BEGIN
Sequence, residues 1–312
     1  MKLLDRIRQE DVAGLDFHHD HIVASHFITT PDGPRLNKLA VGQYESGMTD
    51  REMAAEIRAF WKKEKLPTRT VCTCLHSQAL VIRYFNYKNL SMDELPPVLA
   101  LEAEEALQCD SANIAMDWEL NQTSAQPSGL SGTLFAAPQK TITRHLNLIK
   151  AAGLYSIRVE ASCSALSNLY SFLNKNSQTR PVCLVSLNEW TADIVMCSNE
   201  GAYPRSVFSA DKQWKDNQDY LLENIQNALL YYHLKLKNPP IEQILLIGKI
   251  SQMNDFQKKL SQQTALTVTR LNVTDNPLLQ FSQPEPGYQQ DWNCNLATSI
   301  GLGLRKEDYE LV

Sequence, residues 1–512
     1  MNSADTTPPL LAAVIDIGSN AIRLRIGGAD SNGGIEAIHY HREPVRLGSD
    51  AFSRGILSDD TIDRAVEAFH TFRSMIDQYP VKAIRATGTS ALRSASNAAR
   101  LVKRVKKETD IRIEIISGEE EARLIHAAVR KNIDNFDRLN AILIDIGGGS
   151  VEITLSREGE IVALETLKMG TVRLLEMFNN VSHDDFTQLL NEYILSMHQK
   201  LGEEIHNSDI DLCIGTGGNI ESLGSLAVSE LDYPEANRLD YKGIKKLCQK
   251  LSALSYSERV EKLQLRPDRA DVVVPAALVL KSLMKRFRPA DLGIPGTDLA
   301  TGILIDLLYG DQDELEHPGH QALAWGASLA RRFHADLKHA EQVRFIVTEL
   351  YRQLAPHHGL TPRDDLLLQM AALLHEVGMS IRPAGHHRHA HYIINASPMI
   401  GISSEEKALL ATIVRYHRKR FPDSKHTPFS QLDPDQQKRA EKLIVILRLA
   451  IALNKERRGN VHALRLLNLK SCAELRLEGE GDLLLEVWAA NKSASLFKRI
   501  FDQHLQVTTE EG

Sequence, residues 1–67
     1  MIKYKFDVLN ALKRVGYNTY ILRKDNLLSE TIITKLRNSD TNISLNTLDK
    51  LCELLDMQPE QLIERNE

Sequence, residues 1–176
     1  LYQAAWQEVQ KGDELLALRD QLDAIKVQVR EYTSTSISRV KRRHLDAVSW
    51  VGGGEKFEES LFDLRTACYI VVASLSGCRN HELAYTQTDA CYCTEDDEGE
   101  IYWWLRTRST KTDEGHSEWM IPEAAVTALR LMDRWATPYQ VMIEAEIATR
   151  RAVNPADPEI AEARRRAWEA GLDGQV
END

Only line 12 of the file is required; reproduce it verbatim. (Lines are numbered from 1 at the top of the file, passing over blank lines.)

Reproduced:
   101  LVKRVKKETD IRIEIISGEE EARLIHAAVR KNIDNFDRLN AILIDIGGGS